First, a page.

Section 254: Director “connected with” a body corporate
473. This section determines whether a company or other body corporate is a person connected with a director. Broadly speaking, the director, together with any other person connected with him, must be interested in 20% of the equity share capital, or control (directly or indirectly through another body corporate controlled by them) more than 20% of the voting power exercisable at any general meeting.
474. Schedule 1 contains the rules for determining whether a person is “interested in shares” for this purpose.
Section 255: Director “controlling” a body corporate
475. This section defines the circumstances in which a director is deemed to control a body corporate for the purposes of section 254. These circumstances involve two cumulative hurdles. First, the director or any other person connected with him must be interested in the equity share capital or be entitled to control some part of the voting power exercisable at any general meeting. Secondly, the director, fellow directors and other persons connected with him must be interested in more than 50% of the equity share capital or be entitled to control more than 50% of the voting power exercisable at any general meeting.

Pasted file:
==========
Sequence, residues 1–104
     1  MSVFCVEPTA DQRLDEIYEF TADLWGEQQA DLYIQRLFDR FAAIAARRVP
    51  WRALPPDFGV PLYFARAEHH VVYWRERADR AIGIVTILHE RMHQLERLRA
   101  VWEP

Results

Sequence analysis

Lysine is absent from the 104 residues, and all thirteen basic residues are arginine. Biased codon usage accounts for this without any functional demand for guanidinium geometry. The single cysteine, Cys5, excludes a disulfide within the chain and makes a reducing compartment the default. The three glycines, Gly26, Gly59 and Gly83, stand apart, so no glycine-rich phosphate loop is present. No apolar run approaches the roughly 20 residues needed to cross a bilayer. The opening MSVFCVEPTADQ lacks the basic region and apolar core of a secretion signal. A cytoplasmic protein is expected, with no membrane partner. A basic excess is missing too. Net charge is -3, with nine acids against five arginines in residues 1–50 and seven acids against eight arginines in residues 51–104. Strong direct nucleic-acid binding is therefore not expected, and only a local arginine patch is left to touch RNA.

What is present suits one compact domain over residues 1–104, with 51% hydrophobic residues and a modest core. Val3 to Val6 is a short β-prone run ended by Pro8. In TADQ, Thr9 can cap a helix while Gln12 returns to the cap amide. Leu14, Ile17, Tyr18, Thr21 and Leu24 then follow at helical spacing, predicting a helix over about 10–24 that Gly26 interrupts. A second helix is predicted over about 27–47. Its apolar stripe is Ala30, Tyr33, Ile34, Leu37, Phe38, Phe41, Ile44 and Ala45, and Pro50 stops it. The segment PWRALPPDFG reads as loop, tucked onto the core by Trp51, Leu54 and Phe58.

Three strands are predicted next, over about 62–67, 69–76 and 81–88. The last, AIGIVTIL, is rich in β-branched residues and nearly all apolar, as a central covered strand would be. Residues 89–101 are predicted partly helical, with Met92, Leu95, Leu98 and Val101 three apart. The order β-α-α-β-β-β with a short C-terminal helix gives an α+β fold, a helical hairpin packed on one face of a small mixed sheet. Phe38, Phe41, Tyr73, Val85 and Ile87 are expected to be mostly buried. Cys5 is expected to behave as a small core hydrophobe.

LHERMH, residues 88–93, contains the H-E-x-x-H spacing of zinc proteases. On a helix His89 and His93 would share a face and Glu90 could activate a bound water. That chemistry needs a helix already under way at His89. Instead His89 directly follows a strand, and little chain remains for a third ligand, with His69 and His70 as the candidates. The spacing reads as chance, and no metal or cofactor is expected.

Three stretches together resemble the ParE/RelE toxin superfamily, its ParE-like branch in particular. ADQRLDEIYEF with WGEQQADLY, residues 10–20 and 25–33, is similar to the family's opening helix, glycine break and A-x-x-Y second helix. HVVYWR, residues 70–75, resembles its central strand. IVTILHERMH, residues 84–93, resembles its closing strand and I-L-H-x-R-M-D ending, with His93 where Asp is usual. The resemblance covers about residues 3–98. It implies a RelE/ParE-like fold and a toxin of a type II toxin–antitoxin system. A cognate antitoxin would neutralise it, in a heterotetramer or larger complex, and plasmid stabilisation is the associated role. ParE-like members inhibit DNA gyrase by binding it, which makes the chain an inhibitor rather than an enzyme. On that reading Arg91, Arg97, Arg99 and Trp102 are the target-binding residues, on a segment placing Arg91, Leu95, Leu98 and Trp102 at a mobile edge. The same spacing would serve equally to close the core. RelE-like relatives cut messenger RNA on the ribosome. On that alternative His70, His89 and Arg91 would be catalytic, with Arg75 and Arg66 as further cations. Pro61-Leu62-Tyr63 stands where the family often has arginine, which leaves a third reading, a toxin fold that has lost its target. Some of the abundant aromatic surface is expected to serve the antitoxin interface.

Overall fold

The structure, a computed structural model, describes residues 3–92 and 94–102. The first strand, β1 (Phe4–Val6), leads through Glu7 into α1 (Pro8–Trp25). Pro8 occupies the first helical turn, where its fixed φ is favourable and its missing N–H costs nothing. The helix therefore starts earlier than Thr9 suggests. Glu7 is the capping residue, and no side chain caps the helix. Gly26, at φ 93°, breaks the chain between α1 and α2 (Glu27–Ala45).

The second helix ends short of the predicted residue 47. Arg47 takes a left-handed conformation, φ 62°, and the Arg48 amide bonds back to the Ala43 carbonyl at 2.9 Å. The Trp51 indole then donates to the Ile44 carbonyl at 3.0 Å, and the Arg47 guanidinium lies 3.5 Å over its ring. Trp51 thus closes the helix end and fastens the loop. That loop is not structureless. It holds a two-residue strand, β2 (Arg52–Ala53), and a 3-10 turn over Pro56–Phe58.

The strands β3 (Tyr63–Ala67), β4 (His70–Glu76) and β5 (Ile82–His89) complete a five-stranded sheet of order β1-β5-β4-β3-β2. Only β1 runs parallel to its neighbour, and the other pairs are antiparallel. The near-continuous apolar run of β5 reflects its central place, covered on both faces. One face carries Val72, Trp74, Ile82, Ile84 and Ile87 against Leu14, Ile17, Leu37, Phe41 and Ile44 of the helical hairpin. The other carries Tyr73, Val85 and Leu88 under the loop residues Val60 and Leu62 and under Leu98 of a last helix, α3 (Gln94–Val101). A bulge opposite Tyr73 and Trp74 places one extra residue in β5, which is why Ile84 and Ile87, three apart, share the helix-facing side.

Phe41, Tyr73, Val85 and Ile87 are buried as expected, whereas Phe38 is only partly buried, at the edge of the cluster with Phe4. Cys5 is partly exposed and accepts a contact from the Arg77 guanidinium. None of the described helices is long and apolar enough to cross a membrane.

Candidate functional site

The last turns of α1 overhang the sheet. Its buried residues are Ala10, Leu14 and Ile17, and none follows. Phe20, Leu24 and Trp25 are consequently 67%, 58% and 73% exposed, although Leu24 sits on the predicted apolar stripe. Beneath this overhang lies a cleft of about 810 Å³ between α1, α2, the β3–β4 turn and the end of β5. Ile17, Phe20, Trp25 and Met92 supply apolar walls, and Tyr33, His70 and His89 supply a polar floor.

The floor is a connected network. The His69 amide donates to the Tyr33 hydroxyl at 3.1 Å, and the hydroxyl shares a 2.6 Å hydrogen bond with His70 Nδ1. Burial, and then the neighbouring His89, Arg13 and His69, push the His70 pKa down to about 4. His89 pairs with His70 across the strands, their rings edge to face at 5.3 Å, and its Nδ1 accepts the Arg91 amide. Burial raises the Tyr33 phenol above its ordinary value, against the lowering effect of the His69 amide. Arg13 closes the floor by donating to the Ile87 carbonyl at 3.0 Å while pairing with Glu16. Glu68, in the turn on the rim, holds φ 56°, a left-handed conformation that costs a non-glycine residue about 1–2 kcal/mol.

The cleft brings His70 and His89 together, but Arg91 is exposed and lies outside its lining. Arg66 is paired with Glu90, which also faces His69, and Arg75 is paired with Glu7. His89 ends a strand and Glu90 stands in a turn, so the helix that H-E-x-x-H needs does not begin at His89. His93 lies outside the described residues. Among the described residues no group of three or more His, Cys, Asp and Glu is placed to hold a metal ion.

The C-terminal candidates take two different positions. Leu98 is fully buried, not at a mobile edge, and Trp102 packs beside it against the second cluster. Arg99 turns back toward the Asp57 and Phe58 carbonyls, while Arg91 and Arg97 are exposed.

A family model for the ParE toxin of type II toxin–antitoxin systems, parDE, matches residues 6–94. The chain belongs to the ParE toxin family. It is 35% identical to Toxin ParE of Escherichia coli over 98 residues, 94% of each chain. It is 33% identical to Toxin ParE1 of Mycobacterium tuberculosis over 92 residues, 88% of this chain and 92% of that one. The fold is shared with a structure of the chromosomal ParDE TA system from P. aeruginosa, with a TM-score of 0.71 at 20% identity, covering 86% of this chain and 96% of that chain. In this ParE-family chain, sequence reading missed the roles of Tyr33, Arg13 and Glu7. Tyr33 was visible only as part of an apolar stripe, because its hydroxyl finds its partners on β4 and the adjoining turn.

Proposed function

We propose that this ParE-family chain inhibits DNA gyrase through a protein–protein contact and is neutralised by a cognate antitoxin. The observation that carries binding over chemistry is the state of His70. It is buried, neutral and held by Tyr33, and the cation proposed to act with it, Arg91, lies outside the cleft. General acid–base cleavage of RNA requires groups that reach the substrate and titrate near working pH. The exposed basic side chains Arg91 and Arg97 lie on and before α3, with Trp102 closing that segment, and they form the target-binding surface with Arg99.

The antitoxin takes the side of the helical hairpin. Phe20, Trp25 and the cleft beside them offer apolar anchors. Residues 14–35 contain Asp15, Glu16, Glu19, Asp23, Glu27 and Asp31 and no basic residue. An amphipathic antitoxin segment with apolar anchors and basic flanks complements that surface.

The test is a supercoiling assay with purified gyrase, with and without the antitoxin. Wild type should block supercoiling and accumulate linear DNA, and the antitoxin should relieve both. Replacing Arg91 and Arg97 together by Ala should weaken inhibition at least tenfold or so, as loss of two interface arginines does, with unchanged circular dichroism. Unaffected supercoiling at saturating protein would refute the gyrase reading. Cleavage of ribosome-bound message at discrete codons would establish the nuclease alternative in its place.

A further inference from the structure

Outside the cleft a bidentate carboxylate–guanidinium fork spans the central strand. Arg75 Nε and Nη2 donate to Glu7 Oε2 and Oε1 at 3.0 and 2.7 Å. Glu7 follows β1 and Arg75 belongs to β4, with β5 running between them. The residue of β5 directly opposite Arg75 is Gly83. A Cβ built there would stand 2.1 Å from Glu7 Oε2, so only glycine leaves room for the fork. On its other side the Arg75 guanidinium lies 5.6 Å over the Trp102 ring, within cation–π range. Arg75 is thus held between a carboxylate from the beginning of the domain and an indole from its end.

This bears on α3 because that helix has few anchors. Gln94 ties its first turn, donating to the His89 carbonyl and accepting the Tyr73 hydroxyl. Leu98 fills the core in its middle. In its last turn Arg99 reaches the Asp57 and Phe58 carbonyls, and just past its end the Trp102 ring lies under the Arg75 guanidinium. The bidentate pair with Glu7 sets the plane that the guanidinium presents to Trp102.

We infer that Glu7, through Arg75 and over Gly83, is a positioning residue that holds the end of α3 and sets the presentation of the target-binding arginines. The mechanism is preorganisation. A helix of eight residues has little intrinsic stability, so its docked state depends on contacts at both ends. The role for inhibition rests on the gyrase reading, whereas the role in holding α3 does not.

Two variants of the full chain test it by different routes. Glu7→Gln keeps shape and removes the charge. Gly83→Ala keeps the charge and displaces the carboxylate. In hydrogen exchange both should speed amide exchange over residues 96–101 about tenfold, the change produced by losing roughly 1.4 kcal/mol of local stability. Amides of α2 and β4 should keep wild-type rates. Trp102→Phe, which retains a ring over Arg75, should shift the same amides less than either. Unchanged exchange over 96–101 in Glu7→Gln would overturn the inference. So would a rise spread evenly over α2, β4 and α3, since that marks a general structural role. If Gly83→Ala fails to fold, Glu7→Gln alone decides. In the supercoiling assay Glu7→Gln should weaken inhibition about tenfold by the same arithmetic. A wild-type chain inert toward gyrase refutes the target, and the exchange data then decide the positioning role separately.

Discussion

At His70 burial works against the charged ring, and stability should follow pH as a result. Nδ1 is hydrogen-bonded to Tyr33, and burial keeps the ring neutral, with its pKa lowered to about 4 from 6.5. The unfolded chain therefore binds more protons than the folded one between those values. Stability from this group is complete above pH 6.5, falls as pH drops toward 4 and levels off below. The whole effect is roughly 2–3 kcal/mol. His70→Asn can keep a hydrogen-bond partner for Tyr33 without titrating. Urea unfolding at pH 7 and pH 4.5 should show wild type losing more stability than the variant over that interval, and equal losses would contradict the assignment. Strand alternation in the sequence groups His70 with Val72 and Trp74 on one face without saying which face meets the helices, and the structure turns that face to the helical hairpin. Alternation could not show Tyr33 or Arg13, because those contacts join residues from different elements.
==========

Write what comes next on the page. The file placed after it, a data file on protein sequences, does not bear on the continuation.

476. Schedule 1 contains the rules for determining whether a person is “interested in shares” for this purpose.
Section 256: Associated bodies corporate
477. This section is a new provision. It explains what is meant by references in this Part to associated bodies corporate and associated companies. A holding company is associated with all its subsidiaries, and a subsidiary is associated with its holding company and all the other subsidiaries of its holding company.